"All the signs were there," Delgado, 33, a bar owner in Fayetteville, said yesterday. "All her friends warned her. He wasn't right in the head. She knew it.
"She didn't think things like that could happen. She thought they only happened on television."
So, when Delgado got the phone call Wednesday that Givens was dead, she screamed, and she knew.
"I said, 'What the hell did he do to her?' " Delgado said.
Investigators believe that Navek killed Givens, 35, inside her Fayetteville home sometime in the days before he traveled hundreds of miles to South Jersey and allegedly murdered a former colleague Wednesday outside his home in Voorhees.
The Camden County Prosecutor's Office said that Navek and Givens had traveled to Philadelphia for Easter to visit Navek's family in South Philadelphia. They stayed until Sunday, then returned to North Carolina.
Family members in Philadelphia told authorities that Navek was back in the area by 8 p.m. on Tuesday, without Givens. He left his Mercedes in the city and borrowed a family member's Nissan.
Shortly before 7:30 a.m., Navek was waiting outside the home of Dr. Payman Houshmandpour at The Club, an upscale apartment complex in Voorhees, authorities said. Both men once worked together as residents in Virtua Hospital's Family Medicine Residency Program. Authorities and former colleagues said that Navek blamed Houshmandpour for his dismissal from the program about 18 months ago.
After Houshmandpour, who was married with a young child, got into his Audi, Navek allegedly blasted rounds through the driver-side window. Houshmandpour died at the scene. Navek shot himself in the head after Voorhees police pulled him over nearby. Authorities found a Sig Sauer .357 handgun at the scene.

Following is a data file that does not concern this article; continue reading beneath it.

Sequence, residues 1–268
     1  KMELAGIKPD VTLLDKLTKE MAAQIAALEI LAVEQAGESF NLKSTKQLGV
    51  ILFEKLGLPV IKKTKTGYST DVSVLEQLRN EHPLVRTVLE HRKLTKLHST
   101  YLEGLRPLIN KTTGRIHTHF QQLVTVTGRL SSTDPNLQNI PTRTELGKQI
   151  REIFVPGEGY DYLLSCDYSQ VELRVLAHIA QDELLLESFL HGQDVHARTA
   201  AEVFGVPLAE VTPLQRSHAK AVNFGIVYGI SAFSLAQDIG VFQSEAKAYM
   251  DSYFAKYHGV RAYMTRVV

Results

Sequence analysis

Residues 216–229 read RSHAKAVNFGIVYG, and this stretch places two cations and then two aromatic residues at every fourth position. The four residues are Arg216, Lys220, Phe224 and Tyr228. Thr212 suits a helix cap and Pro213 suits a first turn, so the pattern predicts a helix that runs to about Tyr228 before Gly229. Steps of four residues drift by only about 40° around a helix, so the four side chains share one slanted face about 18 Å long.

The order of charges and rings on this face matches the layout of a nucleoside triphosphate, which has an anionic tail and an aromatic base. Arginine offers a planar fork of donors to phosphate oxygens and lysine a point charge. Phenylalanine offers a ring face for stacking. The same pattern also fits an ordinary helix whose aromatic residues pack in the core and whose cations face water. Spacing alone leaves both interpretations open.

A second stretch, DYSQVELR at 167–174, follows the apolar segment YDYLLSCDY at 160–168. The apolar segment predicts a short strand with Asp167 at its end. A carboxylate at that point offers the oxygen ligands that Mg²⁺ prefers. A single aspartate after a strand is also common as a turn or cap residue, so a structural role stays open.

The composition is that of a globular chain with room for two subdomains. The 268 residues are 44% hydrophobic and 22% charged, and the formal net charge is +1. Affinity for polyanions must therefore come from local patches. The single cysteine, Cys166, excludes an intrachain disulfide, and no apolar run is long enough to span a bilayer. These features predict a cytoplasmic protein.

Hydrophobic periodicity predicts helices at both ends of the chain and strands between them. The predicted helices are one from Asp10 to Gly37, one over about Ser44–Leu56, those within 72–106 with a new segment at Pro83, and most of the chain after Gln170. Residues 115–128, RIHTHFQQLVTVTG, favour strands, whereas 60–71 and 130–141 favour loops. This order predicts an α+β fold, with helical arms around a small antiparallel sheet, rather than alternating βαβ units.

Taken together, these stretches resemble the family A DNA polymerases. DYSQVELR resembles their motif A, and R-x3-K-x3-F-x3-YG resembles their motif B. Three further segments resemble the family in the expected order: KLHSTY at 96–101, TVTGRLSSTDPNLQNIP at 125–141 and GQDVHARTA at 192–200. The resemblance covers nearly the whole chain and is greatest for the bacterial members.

Investigators in North Carolina discovered Givens' body at 12:30 p.m. Wednesday after she didn't show up for work. She also had been shot.
Navek appeared to split his time between North Carolina and a large home in Williamstown, Gloucester County, where he lived with a fiancée, Dr. Shohreh Sameni, and their young son.
Neighbors said that Sameni, who is listed as a resident on Virtua's website as well, moved out recently with the boy. The Camden County Prosecutor's Office said that she filed a report with police on March 22, claiming that Navek fired two shots into a basement wall of the home and was threatening her. She told police that the incidents happened in February but that she did not report them until after he left for his job in North Carolina.
No charges were filed, the prosecutor's office said, and Sameni did not request a restraining order. Neither Sameni nor her family could be reached for comment Thursday.
A woman who said that she was a nurse for Navek's mother said that the woman was too distraught to talk Thursday. According to 6ABC, Navek had been a captain in the Army Reserve and had served stateside from February to July 2011.
Navek was also a paramedic in Philadelphia from 1996 to 2000. Former colleagues in Philadelphia told the Inquirer that Navek was "troubled" and "competitive," and mentioned that he met his first wife while working as a paramedic in the city.
That woman declined to comment when reached by the Daily News on Wednesday afternoon.
Delgado said that Givens and Navek were together for only a few months and that there had been signs of physical and mental abuse early on. She said that Navek was tall and charismatic, and drove his expensive Mercedes like "a bat out of hell."
"There was some type of strange, deadly attraction there," she said. "It perplexes me that a man who dedicated his life to saving lives had absolutely no respect for them."
Contact Jason Nark at 215-854-5916 or firstname.lastname@example.org, or follow on Twitter @JasonNark.